There is now a growing body of research on vocabulary testing and an excellent book (Read, 2000) devoted solely to this topic. A common finding in vocabulary testing research is that if learners are tested on the same words using different test formats, the results correlate at .7. This indicates that while there is a substantial amount of shared variance, there are also substantial differences between the tests. Different formats tap different aspects of vocabulary knowledge with different degrees of sensitivity. This has implications for choosing vocabulary tests and for measuring vocabulary learning in experimental research.

When choosing a test to use with learners, it is important to think clearly about what aspects of knowledge need to be measured (see Table 32.2) and what kind of knowledge (receptive/productive, precise knowledge/partial knowledge) is most suitable and fair to measure (Joe, Nation, & Newton, 1996).

For example, when designing a weekly test to encourage vocabulary learning and to see what is remembered of the new words met during the week, the teacher should be aware that learning a word is a long-term cumulative process and only partial knowledge could be expected after one or two meetings. This partial knowledge, however, is a very important first step toward gaining full control of the word. The most appropriate kind of test in these circumstances is one that focuses on a very central aspect of word knowledge, knowing the meaning of a word, and that allows the learners to make use of partial knowledge. A receptive multiple-choice test using first language synonyms, or a matching test with three or four words and six or seven simply expressed definitions, could be a sensible choice.

When measuring vocabulary learning in experimental research, it is very useful to test the same words in several different ways. For example, in an experiment investigating the amount of vocabulary learning from graded reading, if there were three tests of the same words, say a multiple-choice test, an interview test, and a collocation test, then the strength of knowledge of each word could be determined and different types and strengths of knowledge could be related to the different ways the words occurred in the texts.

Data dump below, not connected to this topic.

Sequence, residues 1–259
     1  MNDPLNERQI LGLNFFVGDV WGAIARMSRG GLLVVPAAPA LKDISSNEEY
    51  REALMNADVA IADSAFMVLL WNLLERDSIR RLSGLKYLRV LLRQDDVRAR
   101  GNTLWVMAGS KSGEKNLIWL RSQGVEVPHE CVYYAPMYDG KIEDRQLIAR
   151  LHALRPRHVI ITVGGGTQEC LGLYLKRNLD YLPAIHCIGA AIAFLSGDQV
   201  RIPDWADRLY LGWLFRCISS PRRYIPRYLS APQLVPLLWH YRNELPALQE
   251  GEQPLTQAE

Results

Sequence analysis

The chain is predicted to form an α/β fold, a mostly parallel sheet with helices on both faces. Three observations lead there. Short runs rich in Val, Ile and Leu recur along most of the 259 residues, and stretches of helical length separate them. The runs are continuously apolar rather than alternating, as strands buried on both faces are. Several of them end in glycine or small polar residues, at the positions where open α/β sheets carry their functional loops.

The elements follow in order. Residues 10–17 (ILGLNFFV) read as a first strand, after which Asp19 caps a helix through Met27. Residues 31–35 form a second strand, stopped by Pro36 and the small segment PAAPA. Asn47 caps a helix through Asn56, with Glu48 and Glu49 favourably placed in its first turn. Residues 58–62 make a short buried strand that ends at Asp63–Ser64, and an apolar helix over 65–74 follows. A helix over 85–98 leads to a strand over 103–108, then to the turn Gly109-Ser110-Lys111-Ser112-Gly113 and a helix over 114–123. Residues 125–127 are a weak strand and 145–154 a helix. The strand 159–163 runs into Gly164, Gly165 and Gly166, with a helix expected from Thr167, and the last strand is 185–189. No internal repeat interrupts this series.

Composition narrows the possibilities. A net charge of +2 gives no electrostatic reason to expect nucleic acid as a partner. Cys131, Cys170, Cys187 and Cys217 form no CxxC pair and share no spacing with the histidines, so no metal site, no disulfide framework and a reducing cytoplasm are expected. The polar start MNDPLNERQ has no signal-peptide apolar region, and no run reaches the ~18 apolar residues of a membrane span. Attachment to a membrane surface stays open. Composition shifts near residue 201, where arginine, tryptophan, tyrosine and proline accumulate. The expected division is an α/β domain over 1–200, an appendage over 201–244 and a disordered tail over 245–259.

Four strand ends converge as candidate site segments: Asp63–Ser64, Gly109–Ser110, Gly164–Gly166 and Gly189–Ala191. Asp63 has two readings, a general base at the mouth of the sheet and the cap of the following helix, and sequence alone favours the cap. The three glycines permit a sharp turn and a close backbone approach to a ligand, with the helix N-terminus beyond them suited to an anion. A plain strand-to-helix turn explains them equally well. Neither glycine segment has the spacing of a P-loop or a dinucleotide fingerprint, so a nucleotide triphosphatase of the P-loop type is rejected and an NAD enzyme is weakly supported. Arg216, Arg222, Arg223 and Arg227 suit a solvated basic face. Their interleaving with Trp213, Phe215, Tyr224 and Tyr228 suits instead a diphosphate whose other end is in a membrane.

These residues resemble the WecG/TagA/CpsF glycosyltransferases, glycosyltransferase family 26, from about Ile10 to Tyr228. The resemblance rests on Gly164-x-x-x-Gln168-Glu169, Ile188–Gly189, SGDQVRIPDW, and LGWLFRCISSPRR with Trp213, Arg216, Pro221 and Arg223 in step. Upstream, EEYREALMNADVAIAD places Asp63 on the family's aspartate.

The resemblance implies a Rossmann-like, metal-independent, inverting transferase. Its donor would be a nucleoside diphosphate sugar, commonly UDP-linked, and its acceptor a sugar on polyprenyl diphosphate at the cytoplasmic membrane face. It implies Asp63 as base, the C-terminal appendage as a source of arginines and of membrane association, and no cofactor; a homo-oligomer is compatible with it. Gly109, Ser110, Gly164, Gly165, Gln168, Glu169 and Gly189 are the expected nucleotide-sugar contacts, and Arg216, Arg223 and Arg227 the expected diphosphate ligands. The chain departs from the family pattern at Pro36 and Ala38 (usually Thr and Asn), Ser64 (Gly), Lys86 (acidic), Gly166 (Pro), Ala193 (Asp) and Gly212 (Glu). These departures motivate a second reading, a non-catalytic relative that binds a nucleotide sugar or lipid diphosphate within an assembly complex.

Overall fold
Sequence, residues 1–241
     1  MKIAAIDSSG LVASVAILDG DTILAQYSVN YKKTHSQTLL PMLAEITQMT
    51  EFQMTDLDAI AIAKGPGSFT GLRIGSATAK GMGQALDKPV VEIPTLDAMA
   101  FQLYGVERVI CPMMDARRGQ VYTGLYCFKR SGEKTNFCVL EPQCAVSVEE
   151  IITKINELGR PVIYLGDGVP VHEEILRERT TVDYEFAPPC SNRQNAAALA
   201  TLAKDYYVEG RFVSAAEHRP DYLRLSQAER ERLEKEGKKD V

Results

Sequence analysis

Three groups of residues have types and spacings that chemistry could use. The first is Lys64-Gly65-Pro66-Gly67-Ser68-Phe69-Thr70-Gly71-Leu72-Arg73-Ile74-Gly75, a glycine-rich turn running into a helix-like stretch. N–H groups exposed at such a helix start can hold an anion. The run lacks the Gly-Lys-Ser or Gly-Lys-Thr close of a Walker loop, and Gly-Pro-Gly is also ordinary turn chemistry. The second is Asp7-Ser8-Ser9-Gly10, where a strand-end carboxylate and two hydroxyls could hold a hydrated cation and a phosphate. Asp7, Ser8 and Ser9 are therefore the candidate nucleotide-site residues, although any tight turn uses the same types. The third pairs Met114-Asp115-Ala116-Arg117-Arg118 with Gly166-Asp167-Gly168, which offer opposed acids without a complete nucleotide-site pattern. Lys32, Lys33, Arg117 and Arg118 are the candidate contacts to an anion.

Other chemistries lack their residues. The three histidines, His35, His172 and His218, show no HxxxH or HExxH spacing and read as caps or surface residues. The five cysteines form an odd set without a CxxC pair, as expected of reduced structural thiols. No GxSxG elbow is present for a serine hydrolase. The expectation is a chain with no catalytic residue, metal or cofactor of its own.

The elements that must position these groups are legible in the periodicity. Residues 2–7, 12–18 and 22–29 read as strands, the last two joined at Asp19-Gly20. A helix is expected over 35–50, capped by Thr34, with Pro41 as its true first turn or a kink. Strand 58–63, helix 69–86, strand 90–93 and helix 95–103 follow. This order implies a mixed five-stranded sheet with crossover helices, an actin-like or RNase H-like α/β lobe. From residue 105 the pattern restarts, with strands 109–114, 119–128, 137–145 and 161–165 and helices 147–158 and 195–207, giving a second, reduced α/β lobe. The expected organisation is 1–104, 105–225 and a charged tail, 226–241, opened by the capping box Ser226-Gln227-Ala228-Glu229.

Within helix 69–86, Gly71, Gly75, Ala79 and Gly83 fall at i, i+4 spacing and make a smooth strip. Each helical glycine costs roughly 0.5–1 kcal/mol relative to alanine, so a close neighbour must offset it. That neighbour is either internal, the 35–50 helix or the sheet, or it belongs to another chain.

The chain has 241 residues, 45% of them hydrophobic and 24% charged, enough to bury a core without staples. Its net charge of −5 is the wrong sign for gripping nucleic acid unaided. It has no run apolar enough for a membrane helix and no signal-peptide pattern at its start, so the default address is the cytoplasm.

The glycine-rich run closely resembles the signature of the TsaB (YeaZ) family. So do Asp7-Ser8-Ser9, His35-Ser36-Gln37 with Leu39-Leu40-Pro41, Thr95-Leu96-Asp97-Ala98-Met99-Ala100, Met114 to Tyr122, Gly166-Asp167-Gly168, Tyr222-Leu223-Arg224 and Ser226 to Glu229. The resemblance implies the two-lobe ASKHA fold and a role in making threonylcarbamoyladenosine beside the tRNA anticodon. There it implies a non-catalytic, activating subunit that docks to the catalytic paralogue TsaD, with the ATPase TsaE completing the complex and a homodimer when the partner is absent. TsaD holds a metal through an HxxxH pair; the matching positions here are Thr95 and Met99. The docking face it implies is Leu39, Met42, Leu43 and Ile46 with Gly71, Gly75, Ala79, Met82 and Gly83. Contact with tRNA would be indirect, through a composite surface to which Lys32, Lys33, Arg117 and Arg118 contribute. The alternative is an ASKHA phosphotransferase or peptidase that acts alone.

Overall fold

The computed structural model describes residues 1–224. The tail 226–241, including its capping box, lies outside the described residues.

Vocabulary teaching is usually seen as teaching words. A major aim of this review has been to show that there is much more to it than this. Vocabulary teaching should have different focuses when learners move from high frequency to low frequency vocabulary learning. For the teacher this means a move from a focus on particular high frequency words to a focus on strategies. For the learners, the change will not be so noticeable as learners should continue to expand their vocabulary. Vocabulary teaching must also be seen as ensuring that there is a balance of opportunities to learn from each of the strands of meaning-focused input, language-focused learning, meaningfocused output, and fluency development. Neglect of one or more of these strands will mean that learning is not efficiently done and that vocabulary is unlikely to be ready for use. Vocabulary learning needs to occur within a well-planned vocabulary program.


Arevart, 5., & Nation, I.S.P. (1991). Fluency improvement in a second language. RELe Journal, 22,84-94. Bauer, 1., & Nation, l.S.P. (1993). Word families. International Journal of Lexicography, 6, 253-279.

Biber, D. (1989). A typology of English texts. Linguistics, 27, 3-43.

Bird, N. (1987). Words, lemmas, and frequency lists: old problems and new challenges (Parts 1 & 2). Al-

manakh, 6, 42-50.

Corson, D. J. (1985). The Lexical Bar. Oxford: Pergamon.

Corson, D. J. (1995). Using English Words. Dordrecht, The Netherlands: Kluwer.

Corson, D. J. (1997). The learning and use of academic English words. Language Learning, 47, 671-718. Coxhead, A. (2000). A new academic word list. TESOL Quarterly 34, 2, 213-238.